There's a growing measure of despair among all the players in this blood-dripping drama.

It's among the Palestinians, who began doing what Washington and Jerusalem demanded, but never received anything in return from Israel. On our side, murderous terror plays into the hands of irresponsible politics, providing an excuse to justify rejectionism, making Israelis despair.

Bush's Washington, which has never shown any burning desire to manage an agreement, deals with it at arm's length, pretty much fed up. Sharon's canceled trip to George Bush symbolizes the key role the prime minister gives to terror threats, pushing to the sidelines any form of diplomatic effort.

Gradually, through a lengthy process of brainwashing, the fatalistic Israeli majority is getting used to thinking there's nothing that can be done. And that's not true.

The assumption that nothing can be done was not invented by the current government. The real momentum for that national thesis came from Ehud Barak. He came back from talks with the Palestinians and sparked the beginning of a despairing atmosphere with the sweeping argument - problematic in its reasoning - that the other side wouldn't take, even when offered nearly everything.

Since then, the path of non-dialogue and the massive use of military power has not helped. The Qassam rocket launches at Sderot are a despairing testimony to this: Even the repeated incursions into Gaza have not halted the cheeky threat against an Israeli township. When the IDF's efficacy is measured by its results, the ongoing killing effectively means a retreat in its defensive and deterrent capabilities. If that is what happens after two years of eroding the terrorist organizations in the territories, then there is, indeed, reason for despair.

But during this same period, there were some developments that could have raised hope. The efforts by the political and military echelons to weaken Arafat succeeded beyond their dreams. The political system in the Palestinian Authority succumbed to the pressure adopting unprecedented changes. Although it hasn't used all the options of pressure at its disposal, the United States isn't giving up the effort to advance its peace program. The Labor Party may have been smashed, but it will ensure Sharon's parliamentary majority if he shows any sign of flexibility. The only factor that hasn't moved a bit from its stubborn positions is the government, run by a leader conducting a dangerous game with the national interest.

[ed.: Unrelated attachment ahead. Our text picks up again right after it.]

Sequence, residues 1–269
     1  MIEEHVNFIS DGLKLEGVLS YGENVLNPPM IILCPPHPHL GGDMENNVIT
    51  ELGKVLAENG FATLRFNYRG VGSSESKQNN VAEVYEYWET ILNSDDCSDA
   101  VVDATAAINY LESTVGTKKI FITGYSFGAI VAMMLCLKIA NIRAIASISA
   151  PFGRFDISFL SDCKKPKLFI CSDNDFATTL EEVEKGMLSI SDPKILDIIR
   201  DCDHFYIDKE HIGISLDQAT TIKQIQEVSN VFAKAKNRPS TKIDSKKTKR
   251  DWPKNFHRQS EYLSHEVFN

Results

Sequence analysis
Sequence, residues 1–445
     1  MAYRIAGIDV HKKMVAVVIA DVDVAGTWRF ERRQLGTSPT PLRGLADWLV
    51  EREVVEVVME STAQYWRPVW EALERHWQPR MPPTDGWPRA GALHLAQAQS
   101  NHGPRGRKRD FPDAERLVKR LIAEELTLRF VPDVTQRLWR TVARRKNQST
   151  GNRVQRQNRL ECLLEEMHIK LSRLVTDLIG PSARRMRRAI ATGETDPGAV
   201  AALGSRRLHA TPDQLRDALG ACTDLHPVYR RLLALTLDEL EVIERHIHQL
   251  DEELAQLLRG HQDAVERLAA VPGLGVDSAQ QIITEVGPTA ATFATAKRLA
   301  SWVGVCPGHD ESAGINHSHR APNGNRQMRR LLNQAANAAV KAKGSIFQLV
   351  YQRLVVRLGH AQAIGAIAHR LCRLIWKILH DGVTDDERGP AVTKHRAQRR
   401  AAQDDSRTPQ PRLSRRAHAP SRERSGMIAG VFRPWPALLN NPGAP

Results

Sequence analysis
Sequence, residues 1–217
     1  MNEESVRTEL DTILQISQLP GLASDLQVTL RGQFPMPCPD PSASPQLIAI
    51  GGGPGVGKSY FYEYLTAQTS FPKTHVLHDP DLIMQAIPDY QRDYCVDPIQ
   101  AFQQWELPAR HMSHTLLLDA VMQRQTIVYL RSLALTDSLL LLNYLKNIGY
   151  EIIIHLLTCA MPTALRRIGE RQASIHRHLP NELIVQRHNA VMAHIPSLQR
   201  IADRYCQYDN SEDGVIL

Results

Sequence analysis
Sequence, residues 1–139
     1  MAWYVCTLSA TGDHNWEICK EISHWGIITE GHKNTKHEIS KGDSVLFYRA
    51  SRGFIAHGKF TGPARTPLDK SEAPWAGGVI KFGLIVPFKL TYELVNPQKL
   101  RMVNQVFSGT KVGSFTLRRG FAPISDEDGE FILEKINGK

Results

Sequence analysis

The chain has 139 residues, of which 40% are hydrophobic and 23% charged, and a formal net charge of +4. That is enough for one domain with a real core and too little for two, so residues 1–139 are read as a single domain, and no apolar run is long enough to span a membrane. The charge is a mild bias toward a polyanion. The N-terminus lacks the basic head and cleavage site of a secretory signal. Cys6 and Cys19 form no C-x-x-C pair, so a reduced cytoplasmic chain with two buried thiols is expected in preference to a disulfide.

There would be no justification for despair if the prime minister were to join the efforts to resuscitate the peace initiative. Why didn't he declare, without tricks or spins, that he accepts the road map? What would have happened if one night he were to take down a dozen outposts? And why did his foreign minister, in a stupid, provocative move, donate the old shacks of the foreign ministry to the settlements when the ministry moved to its new home? Why does Sharon need to wave around his fear (as he told Bush and Colin Powell and anyone else who cares to listen) that he won't have a government if he takes down settlements or even if he adopts the road map?

On the anti-despair side, it's definitely possible to assume that the rejectionist parties in the Sharon coalition won't be in any hurry to quit. If they do, as noted, the prime minister is guaranteed an alternative majority. Despite the brainwashing of a despairing public, there is still a majority in the street who want an agreement involving concessions.

Not a hair would fall out of Sharon's conniving head if he were to push - now, despite the attacks - an unconditional initiative with significant gestures. If he really wanted an agreement (according to the since-denied version he disseminated through a conciliatory interview last month in Haaretz) there's practically no doubt the moves would win him popularity. His prognosis that seeks to fulfill itself, as if conciliation would bring down his government, would be disproven.

It's in his hands. He should not only blame the shaky Palestinian Authority. He should not say he doesn't have the political power to pry the process forward and even come out of it a winner. He has the political power. He has the personal authority. As far as can be seen, it's the desire he doesn't have.